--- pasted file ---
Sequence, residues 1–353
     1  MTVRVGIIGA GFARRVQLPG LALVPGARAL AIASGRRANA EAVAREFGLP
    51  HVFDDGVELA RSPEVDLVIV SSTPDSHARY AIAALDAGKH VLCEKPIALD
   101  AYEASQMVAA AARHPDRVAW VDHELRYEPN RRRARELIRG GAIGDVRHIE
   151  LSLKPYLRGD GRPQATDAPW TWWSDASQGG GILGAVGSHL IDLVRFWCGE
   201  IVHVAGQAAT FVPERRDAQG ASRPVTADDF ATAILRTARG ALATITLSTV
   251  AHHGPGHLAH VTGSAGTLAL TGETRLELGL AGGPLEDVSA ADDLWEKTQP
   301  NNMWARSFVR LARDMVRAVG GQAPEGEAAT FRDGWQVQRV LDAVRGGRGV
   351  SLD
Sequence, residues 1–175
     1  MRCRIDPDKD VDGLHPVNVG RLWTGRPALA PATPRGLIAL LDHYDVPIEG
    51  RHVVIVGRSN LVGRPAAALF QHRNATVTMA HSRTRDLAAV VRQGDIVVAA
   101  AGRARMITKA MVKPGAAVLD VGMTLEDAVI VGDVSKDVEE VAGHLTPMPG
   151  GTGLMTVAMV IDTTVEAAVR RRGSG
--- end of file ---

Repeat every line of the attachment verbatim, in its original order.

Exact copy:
Sequence, residues 1–353
     1  MTVRVGIIGA GFARRVQLPG LALVPGARAL AIASGRRANA EAVAREFGLP
    51  HVFDDGVELA RSPEVDLVIV SSTPDSHARY AIAALDAGKH VLCEKPIALD
   101  AYEASQMVAA AARHPDRVAW VDHELRYEPN RRRARELIRG GAIGDVRHIE
   151  LSLKPYLRGD GRPQATDAPW TWWSDASQGG GILGAVGSHL IDLVRFWCGE
   201  IVHVAGQAAT FVPERRDAQG ASRPVTADDF ATAILRTARG ALATITLSTV
   251  AHHGPGHLAH VTGSAGTLAL TGETRLELGL AGGPLEDVSA ADDLWEKTQP
   301  NNMWARSFVR LARDMVRAVG GQAPEGEAAT FRDGWQVQRV LDAVRGGRGV
   351  SLD
Sequence, residues 1–175
     1  MRCRIDPDKD VDGLHPVNVG RLWTGRPALA PATPRGLIAL LDHYDVPIEG
    51  RHVVIVGRSN LVGRPAAALF QHRNATVTMA HSRTRDLAAV VRQGDIVVAA
   101  AGRARMITKA MVKPGAAVLD VGMTLEDAVI VGDVSKDVEE VAGHLTPMPG
   151  GTGLMTVAMV IDTTVEAAVR RRGSG